Roughly midway through his headlining set at Washington’s Howard Theatre on Friday night, Ja Rule reflected on a missed opportunity from 2007.
That summer, Ja Rule was a veteran MC in search of a spark to a stalling career, and Lil Wayne was the best rapper alive. So the two collaborated on "Uh-Ohhh!," a vibrant piece of evidence Ja Rule’s career might not yet finished. Even today, it sounds like a hit song. But it was not meant to be, as Ja Rule and Lil Wayne were arrested, separately, on gun charges following the duo’s concert at Manhattan’s Beacon Theater that July.
The paradox was not lost on Ja Rule, who told Complex last year, “That, ironically, was the song that got us both locked up. I look at it like that because we were performing ‘Uh-Ohhh!’ at the Beacon Theater when we both got popped [in 2007]. ‘Uh-Ohhh!’ is really ‘uh-oh.’”
On Friday, before the “Uh-Ohhh!” beat dropped, Ja Rule could have used the moment to still fume over the poor timing of his incarceration or to express regret for mistakes. (In 2011, Ja Rule was sentenced to 28 months incarceration for tax evasion, and he was released early last May.) Instead, the 37-year-old born Jeffrey Atkins calmly smirked, quickly and explicitly reminded the crowd he still didn’t like police, shouted out Weezy and launched into the stuttering track.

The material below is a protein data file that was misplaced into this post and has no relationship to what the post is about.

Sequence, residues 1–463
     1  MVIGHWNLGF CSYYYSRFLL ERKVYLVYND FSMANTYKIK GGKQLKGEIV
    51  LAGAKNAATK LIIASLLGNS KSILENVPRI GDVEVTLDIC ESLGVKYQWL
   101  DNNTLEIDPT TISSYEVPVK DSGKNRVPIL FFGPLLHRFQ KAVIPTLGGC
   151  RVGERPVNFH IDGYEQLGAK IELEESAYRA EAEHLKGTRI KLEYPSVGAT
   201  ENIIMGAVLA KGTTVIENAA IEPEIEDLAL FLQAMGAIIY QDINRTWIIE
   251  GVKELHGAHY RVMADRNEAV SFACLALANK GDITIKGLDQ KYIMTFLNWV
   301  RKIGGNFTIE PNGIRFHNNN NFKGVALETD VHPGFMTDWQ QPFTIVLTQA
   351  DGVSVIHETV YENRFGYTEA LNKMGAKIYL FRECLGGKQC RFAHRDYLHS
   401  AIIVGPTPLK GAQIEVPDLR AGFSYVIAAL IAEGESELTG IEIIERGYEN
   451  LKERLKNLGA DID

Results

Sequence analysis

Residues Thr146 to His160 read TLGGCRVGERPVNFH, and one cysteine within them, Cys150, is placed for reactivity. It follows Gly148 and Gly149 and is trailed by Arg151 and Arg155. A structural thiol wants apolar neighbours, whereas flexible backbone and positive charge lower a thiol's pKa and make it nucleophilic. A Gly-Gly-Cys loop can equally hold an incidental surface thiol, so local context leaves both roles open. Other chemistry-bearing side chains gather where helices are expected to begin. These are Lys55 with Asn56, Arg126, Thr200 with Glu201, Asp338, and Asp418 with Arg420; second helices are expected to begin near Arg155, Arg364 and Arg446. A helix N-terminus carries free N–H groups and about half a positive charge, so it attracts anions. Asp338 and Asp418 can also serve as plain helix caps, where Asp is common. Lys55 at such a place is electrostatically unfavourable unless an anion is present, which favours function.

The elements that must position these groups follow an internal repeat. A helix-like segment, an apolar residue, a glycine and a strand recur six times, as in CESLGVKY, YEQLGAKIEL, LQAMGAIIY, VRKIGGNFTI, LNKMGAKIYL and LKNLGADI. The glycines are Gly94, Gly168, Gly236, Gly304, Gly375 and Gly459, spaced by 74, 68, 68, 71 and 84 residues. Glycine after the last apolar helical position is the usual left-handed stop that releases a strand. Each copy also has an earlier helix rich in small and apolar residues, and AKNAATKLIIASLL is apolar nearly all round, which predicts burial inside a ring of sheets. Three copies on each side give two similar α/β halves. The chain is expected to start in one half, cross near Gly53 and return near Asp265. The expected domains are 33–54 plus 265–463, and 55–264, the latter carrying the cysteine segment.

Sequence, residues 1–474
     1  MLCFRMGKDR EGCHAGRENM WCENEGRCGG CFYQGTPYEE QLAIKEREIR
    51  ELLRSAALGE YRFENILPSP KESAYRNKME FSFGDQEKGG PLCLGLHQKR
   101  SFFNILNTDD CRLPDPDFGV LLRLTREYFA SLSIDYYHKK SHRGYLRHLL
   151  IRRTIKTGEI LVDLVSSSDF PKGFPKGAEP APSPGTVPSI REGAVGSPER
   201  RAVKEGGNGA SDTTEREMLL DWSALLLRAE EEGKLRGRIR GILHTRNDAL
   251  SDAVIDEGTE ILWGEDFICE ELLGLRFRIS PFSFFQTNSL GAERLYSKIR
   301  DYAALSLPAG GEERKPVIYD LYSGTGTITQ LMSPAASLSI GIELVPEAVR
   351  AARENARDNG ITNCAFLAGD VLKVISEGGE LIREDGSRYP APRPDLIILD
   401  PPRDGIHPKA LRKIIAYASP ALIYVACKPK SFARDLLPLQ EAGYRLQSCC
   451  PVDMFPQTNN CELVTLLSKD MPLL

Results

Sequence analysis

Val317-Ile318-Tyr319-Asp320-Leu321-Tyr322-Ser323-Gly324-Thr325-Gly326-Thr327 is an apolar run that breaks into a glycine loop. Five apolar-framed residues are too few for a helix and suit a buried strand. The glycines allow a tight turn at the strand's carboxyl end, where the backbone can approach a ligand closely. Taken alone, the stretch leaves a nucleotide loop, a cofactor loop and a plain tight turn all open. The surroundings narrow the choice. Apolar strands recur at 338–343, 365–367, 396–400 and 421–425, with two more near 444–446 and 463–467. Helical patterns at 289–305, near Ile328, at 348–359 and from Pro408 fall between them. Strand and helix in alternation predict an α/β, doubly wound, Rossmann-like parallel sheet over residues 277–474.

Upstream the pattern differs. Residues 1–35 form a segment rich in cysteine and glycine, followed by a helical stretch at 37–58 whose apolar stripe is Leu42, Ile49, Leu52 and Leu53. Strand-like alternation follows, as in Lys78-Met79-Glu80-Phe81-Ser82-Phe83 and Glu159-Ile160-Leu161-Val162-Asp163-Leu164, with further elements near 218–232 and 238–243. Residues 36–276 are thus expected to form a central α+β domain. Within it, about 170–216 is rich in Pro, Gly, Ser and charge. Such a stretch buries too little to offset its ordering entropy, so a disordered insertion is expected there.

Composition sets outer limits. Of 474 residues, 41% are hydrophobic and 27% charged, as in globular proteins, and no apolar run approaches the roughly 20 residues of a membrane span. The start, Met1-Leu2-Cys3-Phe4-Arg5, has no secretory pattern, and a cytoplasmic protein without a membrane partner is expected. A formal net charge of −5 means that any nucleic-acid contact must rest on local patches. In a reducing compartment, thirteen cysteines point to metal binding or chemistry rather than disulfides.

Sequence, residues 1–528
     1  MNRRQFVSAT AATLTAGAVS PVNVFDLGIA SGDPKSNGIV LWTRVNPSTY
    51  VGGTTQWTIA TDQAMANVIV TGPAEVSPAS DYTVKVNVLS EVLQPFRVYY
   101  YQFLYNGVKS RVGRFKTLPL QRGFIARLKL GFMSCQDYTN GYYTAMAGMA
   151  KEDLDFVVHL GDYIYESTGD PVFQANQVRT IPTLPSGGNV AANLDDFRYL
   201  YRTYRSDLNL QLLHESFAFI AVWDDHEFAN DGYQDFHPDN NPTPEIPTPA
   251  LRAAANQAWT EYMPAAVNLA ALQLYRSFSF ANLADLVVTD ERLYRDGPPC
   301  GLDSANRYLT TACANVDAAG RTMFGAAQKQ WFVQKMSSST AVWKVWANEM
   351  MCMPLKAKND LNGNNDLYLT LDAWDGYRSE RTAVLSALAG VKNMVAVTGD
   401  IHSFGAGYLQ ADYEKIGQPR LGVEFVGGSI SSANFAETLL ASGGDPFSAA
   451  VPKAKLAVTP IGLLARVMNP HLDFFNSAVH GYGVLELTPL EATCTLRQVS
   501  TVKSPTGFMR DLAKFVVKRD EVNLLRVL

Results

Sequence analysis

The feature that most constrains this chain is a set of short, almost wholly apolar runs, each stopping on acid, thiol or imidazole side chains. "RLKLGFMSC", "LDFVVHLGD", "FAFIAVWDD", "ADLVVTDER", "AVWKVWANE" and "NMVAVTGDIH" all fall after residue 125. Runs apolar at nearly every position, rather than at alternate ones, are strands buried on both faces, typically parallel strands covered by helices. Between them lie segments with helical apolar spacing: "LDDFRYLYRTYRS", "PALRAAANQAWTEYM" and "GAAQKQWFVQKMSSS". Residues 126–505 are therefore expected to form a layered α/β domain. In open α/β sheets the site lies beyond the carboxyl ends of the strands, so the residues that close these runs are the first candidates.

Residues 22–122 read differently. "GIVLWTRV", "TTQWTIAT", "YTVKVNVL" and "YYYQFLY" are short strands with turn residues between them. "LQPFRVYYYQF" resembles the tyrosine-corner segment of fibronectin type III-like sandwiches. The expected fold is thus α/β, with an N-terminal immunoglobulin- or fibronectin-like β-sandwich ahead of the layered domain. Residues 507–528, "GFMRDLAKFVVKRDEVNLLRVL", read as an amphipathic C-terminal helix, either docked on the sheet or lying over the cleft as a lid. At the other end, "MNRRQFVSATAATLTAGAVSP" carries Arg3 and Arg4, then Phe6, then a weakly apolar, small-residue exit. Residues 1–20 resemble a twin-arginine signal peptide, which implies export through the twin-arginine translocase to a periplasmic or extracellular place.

His concert, a make-up show after the original Dec. 14 date was postponed due to inclement weather, was a celebratory affair of the rapper’s biggest hits. In the lean hour he was on stage, Ja Rule skipped the deep album cuts and unheard new material, and smartly focused on songs made before 2005. (“PIL2,” his last studio album, was released in February 2012 but 2004’s “R.U.L.E.” was Ja Rule's last record to debut in the Billboard Top 10.)
And the hits still rang out live, from the cathartic “I Cry” to his booming debut single “Holla Holla” to the Christina Milian-assisted “Between Me and You.” Tough talk has been central to Ja Rule (“Clap Back” still sounds defiant as ever in concert), but his multi-platinum success falls heavily on his role as a credible lothario.
The same was the case Friday, as evidenced by the audience’s arms-in-the-air, visceral reactions “Always on Time” and “Mesmerize,” two collaborations with R&B singer Ashanti. The many women in the crowd reacted similarly when Ja Rule, who appeared to have spent his prison sentence doing only push-ups, removed his shirt for the remainder of the show. His voice, still husky and sandpapered, sounded as it ever did: Brazen, authoritative and unrelenting.
It seems unlikely the New York rapper from Queens will ever achieve the level of fame he had more than a decade ago, and yet stranger things have happened, especially in pop music. But on Friday, Ja Rule seemed at ease with his position as a hip-hop elder statesman whose hit-making days could be behind him. Judging from the way the crowd exploded to “I’m Real,” his 2001 collaboration with Jennifer Lopez, it was easy to understand the content satisfaction.